Music, one of the many factors that enhance our lives, has been a widely ranged field. From Classical music to Hip Hop, there are listeners of all ages, each having their own preference of music. Through research, it has been discovered that memory can be affected by many different factors, including music. Music has been found to stimulate parts of the brain, alleviating stress and depression. Additional research also shows that music, especially Classical, enhances the storage and recall of memory. Therefore we decided to test the effect of music on memory to evaluate the changes and differences.
Following the developing of social sciences, everybody has started to get concerned about the issue if music is good for healthy body and mental recently. This phenomenon makes the music therapy becomes popular. Music therapy is defined as “ the therapeutic use of music as to reduce anxiety, improve cognitive functioning, promote physical rehabilitation, or enhance interpersonal communication that typically involves listening to music, singing, playing musical instruments, or composing music “ in the Merriam-Webster.com. In other words, through the activity of music people can improve physical or psychological disease that achieves cure and health.
Music therapy is not a person with Alzheimer’s listening to his or her favorite songs on an iPod with headphones; however, music therapy is the clinical and evidence-based use of music to improve physical, emotional, cognitive, and social needs. Music therapy is only advocated in three states: North Dakota, Nevada, and Georgia. Because not many understand the value of music therapy, it is not advocated in many other states. The goals and accomplishments of music therapy should be acknowledged; people will then realize that music therapy really works. Music therapy should be advocated throughout the states because it is effective, and it improves the lives of people in emotional and physical pain.
A recent study of music therapy interventions was conducted on 1,891 participants. The study was offered by music therapists and medical staff.
“The American Music Therapy Association (AMTA) defines music therapy as ‘an established health profession in which music is used within a therapeutic relationship to address physical, emotional, cognitive, and social needs of individuals’” (Barnett & Shale, 2013, p.48). Music Therapy (MT) is shown to be able to help people with many different kinds of mental health problems such as anxiety, stress, and minor cases of depression. There have been many studies done showing that MT is an effective form of therapy that can improve someone’s overall Quality Of Life (QOL). MT is known as an alternative technique therapy. It is often used instead of, or along with, medication to produce a result in the patience who need it. MT involves all aspects of the music process, including listening to, writing, singing, and analyzing music. Overall MT addresses physical and emotional problems and is used to enhance the life and health of the patient. This review is simply to inform readers of the effects music and MT has on mental health, specifically:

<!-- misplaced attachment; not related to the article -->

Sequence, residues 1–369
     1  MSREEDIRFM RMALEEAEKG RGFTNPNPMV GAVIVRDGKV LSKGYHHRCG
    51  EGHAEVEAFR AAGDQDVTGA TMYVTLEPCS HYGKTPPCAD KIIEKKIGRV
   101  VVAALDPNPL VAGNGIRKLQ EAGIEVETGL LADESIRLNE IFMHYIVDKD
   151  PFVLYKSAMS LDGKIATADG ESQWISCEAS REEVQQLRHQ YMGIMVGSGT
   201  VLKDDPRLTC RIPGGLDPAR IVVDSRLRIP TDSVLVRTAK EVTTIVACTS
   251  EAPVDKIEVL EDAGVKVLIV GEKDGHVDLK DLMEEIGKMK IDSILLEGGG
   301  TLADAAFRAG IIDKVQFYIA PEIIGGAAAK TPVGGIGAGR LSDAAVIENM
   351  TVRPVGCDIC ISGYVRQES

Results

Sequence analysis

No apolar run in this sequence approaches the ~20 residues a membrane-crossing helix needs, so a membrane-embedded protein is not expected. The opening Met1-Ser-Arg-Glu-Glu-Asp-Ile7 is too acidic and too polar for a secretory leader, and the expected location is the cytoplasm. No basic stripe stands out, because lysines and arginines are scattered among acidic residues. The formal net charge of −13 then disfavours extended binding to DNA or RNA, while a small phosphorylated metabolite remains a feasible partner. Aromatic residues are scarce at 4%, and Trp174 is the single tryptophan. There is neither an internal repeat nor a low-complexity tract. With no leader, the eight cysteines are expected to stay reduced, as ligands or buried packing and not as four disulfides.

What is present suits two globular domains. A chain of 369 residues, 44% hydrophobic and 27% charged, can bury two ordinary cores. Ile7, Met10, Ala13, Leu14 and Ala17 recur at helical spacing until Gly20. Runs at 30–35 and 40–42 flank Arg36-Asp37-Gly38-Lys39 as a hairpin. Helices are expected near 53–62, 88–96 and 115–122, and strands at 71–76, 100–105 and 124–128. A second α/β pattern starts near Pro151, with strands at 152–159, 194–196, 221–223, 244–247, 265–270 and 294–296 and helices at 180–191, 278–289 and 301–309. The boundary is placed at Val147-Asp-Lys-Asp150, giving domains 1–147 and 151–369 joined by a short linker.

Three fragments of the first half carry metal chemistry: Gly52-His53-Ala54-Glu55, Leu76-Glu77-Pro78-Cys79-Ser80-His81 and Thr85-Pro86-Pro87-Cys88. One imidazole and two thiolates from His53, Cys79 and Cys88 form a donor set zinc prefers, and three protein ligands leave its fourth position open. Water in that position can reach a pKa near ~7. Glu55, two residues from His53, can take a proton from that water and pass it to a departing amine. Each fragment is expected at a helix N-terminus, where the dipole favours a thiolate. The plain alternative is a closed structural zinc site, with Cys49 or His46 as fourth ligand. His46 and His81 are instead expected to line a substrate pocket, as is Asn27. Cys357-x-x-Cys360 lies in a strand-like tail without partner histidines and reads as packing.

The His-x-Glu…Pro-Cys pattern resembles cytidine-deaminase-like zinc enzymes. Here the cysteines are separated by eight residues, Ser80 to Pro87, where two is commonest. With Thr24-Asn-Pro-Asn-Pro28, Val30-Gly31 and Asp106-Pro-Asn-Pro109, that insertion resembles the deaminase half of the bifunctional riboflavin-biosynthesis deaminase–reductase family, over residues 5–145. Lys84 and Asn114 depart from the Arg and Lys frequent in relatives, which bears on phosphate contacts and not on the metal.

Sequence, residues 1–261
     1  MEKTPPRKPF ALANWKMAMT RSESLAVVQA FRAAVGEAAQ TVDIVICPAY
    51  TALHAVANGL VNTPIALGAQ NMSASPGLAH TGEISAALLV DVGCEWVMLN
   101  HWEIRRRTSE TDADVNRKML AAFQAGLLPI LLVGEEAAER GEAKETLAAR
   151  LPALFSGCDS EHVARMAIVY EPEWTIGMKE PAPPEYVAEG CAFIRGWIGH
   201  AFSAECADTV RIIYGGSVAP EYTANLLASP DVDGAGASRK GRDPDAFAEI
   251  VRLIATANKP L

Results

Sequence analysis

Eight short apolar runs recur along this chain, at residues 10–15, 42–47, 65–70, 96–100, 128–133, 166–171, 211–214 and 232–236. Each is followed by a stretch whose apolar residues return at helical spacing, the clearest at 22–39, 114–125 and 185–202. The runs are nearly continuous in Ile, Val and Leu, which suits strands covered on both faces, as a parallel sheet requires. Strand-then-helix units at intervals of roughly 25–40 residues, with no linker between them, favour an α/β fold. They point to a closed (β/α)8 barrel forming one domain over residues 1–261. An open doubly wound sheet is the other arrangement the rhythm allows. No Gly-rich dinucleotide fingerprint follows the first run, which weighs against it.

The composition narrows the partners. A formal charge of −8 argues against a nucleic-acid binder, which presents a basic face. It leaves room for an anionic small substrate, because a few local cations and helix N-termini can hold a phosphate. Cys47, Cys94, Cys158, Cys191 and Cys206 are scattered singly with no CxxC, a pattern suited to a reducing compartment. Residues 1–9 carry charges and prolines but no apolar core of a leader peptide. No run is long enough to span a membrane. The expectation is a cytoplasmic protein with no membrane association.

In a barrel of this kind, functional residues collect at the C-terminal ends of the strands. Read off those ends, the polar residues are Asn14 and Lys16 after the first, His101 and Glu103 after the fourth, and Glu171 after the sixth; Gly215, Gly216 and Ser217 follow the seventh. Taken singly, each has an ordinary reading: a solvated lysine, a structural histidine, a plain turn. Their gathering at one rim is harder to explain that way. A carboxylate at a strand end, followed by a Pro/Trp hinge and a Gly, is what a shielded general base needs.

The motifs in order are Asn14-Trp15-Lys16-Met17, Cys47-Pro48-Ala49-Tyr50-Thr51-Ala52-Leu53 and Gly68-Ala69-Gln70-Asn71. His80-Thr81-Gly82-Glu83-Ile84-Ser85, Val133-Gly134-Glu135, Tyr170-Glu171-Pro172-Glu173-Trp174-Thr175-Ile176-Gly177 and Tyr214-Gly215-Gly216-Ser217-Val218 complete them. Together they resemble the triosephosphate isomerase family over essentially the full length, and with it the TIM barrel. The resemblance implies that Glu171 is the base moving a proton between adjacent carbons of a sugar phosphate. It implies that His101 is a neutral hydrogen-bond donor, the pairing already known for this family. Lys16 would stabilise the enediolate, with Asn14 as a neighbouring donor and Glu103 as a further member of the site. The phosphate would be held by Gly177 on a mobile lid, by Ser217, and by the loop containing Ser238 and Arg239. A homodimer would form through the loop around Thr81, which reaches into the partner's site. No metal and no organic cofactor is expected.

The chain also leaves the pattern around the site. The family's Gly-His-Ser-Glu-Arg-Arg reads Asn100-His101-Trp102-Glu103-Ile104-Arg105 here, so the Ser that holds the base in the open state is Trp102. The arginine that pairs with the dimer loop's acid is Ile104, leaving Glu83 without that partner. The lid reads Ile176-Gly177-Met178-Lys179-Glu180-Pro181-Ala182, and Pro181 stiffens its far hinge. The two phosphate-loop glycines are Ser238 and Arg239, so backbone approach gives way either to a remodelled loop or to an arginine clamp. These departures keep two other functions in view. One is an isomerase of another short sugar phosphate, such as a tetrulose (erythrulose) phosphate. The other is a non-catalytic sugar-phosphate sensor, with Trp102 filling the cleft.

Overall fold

There are many different ways that we benefit from music. Music can inspire better self-esteem, and confidence. It’s a great way to set the mood, and a wonderful tool. Music therapy is the clinical and evidence-based use of music interventions to accomplish individualized goals within a therapeutic relationship by a credentialed professional who has completed an approved music therapy program (Gram, 2005). Music therapy can reach out to anyone, age, race, gender it doesn’t matter. Children, adolescents, adults, and the elderly with mental health needs can benefit from music therapy. As well as, those who have developmental and learning disabilities, those who suffer from Alzheimer's
Music therapy is the clinical and evidence-based use of music interventions to accomplish individualized goals within a therapeutic relationship by an accredited professional who as completed an approved music therapy program. “Music therapists hope that scientific research continues to define how their work differs from entertainment, and how it benefits patients as much as other more familiar complementary therapies such as art therapy.” (Mellskog) This shows how even though there is little research and evidence on music therapy, it is still very effective and a